If I can separate my experience from my emotions for a minute, this could actually be a useful study of the impact of the propositions put forth in Boaz Michael’s book Tent of David. One thing I am hoping Boaz will do eventually is to collect the stories of people who have actually followed his pattern of returning to churches to find out the real results in people’s lives and in the church environment.

I’m atypical in that my wife and I are not only intermarried, but I’m a believer and she isn’t (in the Messianic world, there are many intermarried Jewish/Gentile Christian couples, but they share faith in Jesus as Messiah). I know I’m only one voice, but if Boaz can bring together enough voices, we can all see the outcome of returning to the church for those folks like me who think so differently about God, the Bible, Messiah, and everything.

My day at church wasn’t a complete loss, though. I usually don’t care much about the music at church. It’s more something I tolerate than enjoy, but occasionally a little gem will be sprinkled in among the usual fare.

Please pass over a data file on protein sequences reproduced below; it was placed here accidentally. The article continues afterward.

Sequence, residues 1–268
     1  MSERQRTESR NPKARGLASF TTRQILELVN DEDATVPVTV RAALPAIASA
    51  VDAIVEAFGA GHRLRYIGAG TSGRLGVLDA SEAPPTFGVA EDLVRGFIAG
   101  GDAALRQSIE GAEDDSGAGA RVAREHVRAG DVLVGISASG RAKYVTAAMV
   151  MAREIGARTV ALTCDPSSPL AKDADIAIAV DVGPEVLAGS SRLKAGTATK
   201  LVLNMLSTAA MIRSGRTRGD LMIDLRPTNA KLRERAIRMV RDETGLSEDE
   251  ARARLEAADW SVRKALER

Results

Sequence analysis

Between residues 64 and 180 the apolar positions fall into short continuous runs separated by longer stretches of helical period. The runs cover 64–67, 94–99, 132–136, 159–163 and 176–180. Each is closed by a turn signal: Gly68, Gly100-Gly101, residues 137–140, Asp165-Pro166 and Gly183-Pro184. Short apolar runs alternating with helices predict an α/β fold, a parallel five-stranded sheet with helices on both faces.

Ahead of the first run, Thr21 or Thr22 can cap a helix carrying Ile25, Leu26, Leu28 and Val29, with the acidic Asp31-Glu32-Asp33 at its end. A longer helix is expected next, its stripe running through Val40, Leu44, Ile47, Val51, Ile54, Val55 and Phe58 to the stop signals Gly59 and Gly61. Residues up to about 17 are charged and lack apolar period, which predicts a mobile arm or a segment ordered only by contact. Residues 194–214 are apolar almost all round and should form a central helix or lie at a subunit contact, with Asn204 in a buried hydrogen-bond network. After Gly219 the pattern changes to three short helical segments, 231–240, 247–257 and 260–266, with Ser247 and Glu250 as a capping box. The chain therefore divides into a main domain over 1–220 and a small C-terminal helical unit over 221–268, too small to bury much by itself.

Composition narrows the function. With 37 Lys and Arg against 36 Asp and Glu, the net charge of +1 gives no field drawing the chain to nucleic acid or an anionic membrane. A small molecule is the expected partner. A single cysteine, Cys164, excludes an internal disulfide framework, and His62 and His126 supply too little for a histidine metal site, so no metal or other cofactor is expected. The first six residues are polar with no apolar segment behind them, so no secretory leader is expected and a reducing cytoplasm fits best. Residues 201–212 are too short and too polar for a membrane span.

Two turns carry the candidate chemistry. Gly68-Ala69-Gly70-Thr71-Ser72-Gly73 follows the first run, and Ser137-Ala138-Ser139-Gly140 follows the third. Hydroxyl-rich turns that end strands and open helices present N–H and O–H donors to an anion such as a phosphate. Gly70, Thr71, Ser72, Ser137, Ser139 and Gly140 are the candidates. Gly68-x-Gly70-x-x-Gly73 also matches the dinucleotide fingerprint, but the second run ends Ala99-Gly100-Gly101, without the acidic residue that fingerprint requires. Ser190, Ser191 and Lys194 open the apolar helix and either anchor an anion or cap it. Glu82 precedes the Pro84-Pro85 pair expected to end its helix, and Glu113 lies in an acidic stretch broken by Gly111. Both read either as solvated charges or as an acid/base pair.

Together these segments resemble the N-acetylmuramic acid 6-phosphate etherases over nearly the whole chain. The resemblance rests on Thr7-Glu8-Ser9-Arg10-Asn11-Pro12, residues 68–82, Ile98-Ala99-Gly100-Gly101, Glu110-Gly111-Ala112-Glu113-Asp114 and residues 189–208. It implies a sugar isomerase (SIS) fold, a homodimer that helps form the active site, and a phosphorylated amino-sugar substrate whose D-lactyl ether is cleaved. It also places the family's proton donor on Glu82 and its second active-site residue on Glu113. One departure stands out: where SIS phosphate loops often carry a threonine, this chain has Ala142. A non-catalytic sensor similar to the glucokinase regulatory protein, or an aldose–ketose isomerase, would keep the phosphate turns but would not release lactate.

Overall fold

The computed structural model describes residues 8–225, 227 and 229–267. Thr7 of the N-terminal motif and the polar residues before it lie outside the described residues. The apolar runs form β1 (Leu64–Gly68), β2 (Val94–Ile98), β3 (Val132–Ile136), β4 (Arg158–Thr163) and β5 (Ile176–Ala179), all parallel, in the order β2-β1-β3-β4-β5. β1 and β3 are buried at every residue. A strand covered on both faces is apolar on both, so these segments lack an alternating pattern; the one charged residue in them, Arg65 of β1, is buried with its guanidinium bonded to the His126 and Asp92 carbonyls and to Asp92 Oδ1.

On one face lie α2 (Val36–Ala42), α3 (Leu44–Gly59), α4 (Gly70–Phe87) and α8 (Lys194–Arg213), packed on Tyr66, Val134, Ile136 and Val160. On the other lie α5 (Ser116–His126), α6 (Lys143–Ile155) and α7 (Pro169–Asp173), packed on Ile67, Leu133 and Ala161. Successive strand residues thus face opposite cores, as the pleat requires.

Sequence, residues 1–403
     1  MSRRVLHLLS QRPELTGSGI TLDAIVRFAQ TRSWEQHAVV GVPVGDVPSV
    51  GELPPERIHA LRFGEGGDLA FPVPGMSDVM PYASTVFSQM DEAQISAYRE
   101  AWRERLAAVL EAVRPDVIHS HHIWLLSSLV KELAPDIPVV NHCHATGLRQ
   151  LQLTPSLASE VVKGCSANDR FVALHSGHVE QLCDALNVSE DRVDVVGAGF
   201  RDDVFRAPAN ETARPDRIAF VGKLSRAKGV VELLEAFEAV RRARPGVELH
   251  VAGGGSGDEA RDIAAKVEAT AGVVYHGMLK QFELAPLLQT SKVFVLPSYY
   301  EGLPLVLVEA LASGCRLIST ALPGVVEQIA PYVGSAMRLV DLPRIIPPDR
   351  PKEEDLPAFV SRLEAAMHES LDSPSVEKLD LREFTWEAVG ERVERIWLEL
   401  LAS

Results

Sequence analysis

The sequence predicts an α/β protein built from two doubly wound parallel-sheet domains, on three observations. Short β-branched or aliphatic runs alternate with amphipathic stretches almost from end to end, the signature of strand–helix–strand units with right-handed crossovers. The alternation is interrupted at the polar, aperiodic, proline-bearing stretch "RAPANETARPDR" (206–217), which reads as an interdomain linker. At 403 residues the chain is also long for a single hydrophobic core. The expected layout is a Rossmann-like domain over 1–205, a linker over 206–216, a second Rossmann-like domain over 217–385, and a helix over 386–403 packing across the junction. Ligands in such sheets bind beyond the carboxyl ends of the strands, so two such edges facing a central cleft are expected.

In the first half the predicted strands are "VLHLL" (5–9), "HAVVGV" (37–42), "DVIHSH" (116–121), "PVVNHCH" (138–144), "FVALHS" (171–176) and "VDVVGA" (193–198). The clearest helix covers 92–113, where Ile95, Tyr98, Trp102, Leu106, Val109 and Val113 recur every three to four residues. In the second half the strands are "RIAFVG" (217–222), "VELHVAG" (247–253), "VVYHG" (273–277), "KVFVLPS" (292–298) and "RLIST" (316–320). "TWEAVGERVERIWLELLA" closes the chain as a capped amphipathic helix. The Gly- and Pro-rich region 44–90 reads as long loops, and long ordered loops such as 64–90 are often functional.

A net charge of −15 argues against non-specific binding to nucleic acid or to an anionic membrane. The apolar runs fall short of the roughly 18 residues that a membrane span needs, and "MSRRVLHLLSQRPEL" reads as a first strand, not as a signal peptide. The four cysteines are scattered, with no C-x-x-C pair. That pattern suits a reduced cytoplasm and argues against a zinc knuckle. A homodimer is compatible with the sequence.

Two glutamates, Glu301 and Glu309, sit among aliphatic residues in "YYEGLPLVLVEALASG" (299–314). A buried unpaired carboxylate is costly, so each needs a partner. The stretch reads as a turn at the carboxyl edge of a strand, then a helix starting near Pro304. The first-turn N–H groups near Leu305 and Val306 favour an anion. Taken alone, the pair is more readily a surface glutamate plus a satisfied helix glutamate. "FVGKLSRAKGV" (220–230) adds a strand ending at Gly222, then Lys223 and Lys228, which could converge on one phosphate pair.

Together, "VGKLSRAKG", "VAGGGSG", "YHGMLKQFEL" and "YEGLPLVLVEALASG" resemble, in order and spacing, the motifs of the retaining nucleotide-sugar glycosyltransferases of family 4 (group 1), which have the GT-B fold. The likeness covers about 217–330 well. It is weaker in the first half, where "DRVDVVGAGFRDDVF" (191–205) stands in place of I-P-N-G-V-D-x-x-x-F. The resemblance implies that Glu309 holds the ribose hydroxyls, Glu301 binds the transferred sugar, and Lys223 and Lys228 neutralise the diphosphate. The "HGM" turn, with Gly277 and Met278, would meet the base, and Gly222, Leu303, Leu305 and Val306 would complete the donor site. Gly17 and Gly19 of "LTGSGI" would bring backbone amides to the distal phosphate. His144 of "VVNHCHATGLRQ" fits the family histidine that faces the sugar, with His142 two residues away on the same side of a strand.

Don’t seek Judaism and don’t seek Christianity. Seek hope in God.

149 days.

12 thoughts on “Pop!”

  1. Yes, I think more stories about those who have followed Boaz’s example should be amassed. I would love to hear more stories like his, because I have oodles of stories that are not nearly as encouraging. It’s hard to not jump to conclusions…and even harder to know exactly what conclusions to indeed jump to! :-/

  2. One of the most persistent things I’m learning is how much we can project our own cultural ideas into our understanding of what it means to be a follower of Jesus. More and more I’m realising how much “church” tradition has moved the goal posts so our objectives are far different to those of the early believers.

    I was interested in what you said in referecne to “witnessing” – something that used to be a major aspect of church life (in theory if not in practice), yet another “church” way of doing things?